Signing the Ulster Covenant – in County Westmeath?

Signing the Ulster Covenant – in County Westmeath?

by Dr. Janice Mann

A recent search of the Ulster Covenant for a family from Ulster led to a surprising discovery.

In 1912 Liberal British Prime Minister Herbert Asquith, in desperate need of the support of John Redmond’s Irish Parliamentary Party, proposed a third Home Rule Bill – providing self-government for Ireland within the United Kingdom of Great Britain and Ireland.

Unionists responded with fierce opposition to Home Rule. On Ulster Day, the 28th September 1912, the Unionists of Ulster, with great ceremony and fervour, put their name to the Ulster Covenant.  The Covenant was signed by 237,368 men, with 234,046 women signing the accompanying women’s declaration.

Signing the Ulster Covenant constituted a solemn and binding oath to resist Home Rule, with signatories pledging:

to stand by one another in defending, for ourselves and our children, our cherished position of equal citizenship in the United Kingdom, and in using all means which may be found necessary to defeat the present conspiracy to set up a Home Rule Parliament in Ireland.”

Nearly half a million signatures to the covenant and women’s declaration were collected from across society, the vast majority within the province of Ulster.

However, in Dublin in the offices of the Irish Unionist Alliance at 109 Grafton Street the Ulster Covenant was signed by 2,000 men who could prove that they were born in Ulster. It was also signed in other major cities in the United Kingdom and around the world – including the unlikely location of Mullingar, the county town of County Westmeath.
Ulster Covenant Signatories for Mullingar

Ulster Covenant Signatories for Mullingar. Courtesy of PRONI

In 1912, the population of Mullingar was approximately 5,500, of which only 8% were protestant, including the Church of Ireland, Presbyterian and Methodist denominations. Home Rule was strongly supported by the local government in Mullingar, although there was a Westmeath Unionist Association with a women’s branch being established in early 1912. However, southern Unionists were not expected to sign the Ulster Covenant as it was focused on the objections of Ulster people to Home Rule. Despite this, nine men from Mullingar did indeed sign.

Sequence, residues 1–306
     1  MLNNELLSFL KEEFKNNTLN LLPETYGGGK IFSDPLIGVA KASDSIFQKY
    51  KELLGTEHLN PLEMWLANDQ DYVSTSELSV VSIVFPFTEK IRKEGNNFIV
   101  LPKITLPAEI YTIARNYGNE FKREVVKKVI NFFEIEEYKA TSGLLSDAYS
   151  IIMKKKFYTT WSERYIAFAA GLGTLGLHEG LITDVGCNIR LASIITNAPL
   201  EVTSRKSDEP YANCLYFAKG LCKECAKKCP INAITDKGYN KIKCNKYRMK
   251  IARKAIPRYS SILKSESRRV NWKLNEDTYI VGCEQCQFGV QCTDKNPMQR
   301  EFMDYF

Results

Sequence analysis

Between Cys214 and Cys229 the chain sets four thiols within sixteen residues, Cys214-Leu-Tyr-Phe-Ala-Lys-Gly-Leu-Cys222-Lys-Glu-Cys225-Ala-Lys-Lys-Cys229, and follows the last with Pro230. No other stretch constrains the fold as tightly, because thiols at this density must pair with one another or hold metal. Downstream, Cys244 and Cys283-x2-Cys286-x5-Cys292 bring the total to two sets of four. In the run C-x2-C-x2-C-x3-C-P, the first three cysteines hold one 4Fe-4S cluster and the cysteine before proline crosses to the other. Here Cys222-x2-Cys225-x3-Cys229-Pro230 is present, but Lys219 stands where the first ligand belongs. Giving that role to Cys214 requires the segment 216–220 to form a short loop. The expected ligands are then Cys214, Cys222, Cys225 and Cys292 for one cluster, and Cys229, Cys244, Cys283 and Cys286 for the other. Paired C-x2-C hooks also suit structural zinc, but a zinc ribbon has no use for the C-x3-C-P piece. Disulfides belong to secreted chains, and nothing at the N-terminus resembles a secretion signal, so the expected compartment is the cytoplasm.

The signatories of the Ulster Covenant in Mullingar were not members of established and well-known protestant families from the area such as local merchants or the aristocratic families, and in fact, the majority could not be found in Mullingar in the 1911 census, enumerated less than a year and half earlier. And not in keeping with the purpose of the Ulster Covenant, not all were born in Ulster. Names were signed not in a public location, but in private homes throughout the town, including Belvedere Terrace, Earl Street (now Pearse Street), Harbour Street and the Soldier’s Home on Military Road (now Ashe Road) – which stood where Fair Green Shopping Centre is found today.

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The agent in charge of collecting the signatures, William Nelson, was also the first to sign, and resided in the Soldier’s Home.  Known as Sandes Homes for Soldiers, named for their founder Elise Sandes, there were over 30 such homes in Ireland by 1912, run by evangelical Christians to draw young soldiers away from the pubs, brothels and gambling dens. These soldiers homes instead offered friendship, entertainment and self-improvement. Whether opposing Home Rule fell within this purview is unclear.

Image of the Soldiers Home in Mullingar

Soldiers Home, Mullingar.  Courtesy of the NLI Photographic Archive, L_ROY_10342

The 1911 census found William Nelson, aged 38, as a resident of the soldiers home – and despite the purpose of the home, he worked as a barman and domestic servant. William was Presbyterian and was born ca. 1873 in Belfast.

Another man signing the Covenant in Mullingar was John Hudson of 2 Belvedere Terrace. At the time of the 1911 census, John was found living as a boarder with the Hutchinson family at 23 Greville St (now Oliver Plunkett Street). The Hutchinsons were a prominent local merchant family. John Hudson was aged 20, born ca. 1881 in Co. Wexford, and worked as a draper’s assistant, presumably in T.L. Hutchinson’s drapery shop.

Of note, although the Hutchinson family were Methodists, no members of the family signed the Ulster Covenant – appropriately so since none were born in Ulster, but possibly also protecting the family business which served a largely Catholic, and pro-Home Rule community. Their assistant and boarder, John Hudson, was also not born in Ulster, but this didn’t appear to deter him from signing the Covenant.

No additional signatures, besides William Nelson, John Hudson and the other seven Mullingar signatories, were collected in County Westmeath, although some originally from County Westmeath did sign elsewhere. Other counties of Ireland, not in Ulster, in which signatures were collected included:

● Wicklow
● Waterford
● Sligo
● Meath
● Louth
● Mayo
● Limerick
● Leitrim
● Kilkenny
● Kildare
● Dublin

The Home Rule Bill passed but its implementation was postponed at the outbreak of WWI. In the end, it was never enacted and was eventually superseded by a fourth Home Rule bill in 1920 – the Government of Ireland Act. This act provided for the partition of Ireland into two self-governing political entities – Northern and Southern Ireland. The latter would become the Irish Free State and eventually the modern Republic of Ireland.

The Ulster Covenant has been indexed and digitised, and is available to search online on the website of the Public Record Office of Northern Ireland (PRONI). It is also available to search on Ancestry (subscription required).